I’m having a fun ole’ debate over the Amazon (AMZN) Kindle right now. It’s taking place in the comments of a previous post between myself and Nicholas Zakas, a published author, seasoned programmer, and all-around intelligent guy.
I like debates. They give me a chance to hone my opinions and positions on various topics. I’ll do my best to defend my position, but more often than not, I’ll learn a new viewpoint that adds to my knowledge of that topic.
My post was about how great the Amazon Kindle was going to be. I likened the Kindle to Apple’s (AAPL) iPod. Nicholas commented that:
The iPod was successful largely because people wanted to replace their large portable CD players with something that could play more…it wasn’t techies that make the iPod the sensation that it was, it was the non-techies.
This implies it was the iPod’s ease-of-use that made it such a commercial success. While I totally agree, I think it was more than just the iPod’s simple & friendly form factor that made it great. It was also:
- iPod’s branding and Apple’s great overall brand
- The “complete package” that iTunes integration offers to the iPod
He argued that while this is true for iPods, it’s different for books:
There’s something about the tactile relationship between readers and their material that makes it hard to give up. I remember when people predicted that newspapers would go out of circulation when people could get their news online…
True, but the same was once said about records when first CDs came out. There was a time when people predicted the TV would replace the radio. And later, that interactive TV would replace regular TV. I’ve never believed that newspapers would go out of circulation, but I do believe their role will change—and has already changed. It’s no longer the single source of up-to-date news. People primarily go to the TV for that now. (Those that go to the web for up-to-date news are still in the minority, though it’s growing rapidly.)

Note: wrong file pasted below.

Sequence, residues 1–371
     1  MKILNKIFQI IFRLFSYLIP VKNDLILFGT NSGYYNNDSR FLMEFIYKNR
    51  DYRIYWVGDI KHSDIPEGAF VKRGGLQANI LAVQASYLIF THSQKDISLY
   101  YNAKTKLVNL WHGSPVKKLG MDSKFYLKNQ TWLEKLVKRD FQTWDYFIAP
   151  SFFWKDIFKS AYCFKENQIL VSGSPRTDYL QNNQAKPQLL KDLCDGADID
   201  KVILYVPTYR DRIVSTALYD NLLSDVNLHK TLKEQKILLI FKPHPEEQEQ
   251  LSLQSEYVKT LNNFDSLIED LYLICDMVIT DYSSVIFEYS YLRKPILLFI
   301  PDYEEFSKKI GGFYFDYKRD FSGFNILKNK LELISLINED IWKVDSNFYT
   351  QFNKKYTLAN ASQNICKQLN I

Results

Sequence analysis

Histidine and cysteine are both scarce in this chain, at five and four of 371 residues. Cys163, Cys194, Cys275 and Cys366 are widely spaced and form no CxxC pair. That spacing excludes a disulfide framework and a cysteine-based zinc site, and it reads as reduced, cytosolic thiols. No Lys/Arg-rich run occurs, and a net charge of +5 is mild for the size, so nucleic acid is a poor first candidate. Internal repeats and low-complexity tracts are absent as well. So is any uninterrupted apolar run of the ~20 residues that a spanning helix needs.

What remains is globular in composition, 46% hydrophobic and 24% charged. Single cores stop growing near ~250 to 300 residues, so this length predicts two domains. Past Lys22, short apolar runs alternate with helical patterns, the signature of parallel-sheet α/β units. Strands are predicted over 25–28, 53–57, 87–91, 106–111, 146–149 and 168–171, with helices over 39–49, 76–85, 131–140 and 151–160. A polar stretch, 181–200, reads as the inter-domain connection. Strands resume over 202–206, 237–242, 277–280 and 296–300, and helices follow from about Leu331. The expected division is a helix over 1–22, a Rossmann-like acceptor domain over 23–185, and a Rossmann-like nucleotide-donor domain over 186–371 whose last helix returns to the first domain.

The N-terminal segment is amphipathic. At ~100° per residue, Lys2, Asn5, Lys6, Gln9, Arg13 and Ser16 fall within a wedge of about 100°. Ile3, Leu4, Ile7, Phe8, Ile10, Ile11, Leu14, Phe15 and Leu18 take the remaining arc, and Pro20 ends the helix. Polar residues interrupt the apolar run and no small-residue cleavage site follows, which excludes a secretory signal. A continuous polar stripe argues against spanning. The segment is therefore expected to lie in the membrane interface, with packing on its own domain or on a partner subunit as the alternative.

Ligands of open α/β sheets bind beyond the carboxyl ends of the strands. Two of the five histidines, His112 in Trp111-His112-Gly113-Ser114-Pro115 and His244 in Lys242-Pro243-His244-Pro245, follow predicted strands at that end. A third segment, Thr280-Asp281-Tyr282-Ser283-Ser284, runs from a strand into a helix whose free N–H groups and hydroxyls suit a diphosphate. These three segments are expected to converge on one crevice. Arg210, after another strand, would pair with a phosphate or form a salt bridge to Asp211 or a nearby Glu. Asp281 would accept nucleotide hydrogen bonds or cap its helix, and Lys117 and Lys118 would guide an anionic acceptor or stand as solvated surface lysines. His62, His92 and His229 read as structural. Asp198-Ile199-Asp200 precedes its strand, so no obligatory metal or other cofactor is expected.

He also made a comment about the Amazon Kindle falsely gaining a first-mover advantage, though the Kindle isn’t the first e-book reader on the market; there are quite a few already. While he’s probably just not as familiar with the e-book market, we both agree that first-mover advantage isn’t a panacea for success.
To that, he followed up with a simple mathematical point:
Considering you can get great books for under $10 nearly anywhere, what would you do? Buy a $400 machine to output text, or buy 40 books? I love tech as much as the next computer geek, but even I would go for the latter.
Good point. If you’re someone who will only buy forty $10 books, you’ll hardly see any cost-savings benefit in the Amazon Kindle. But if you’re someone like me, who’s been known to spend upwards of $800 on books a year, the Amazon Kindle may be worth it.
But then this goes into the question of target demographics, which Nicholas also pointed out: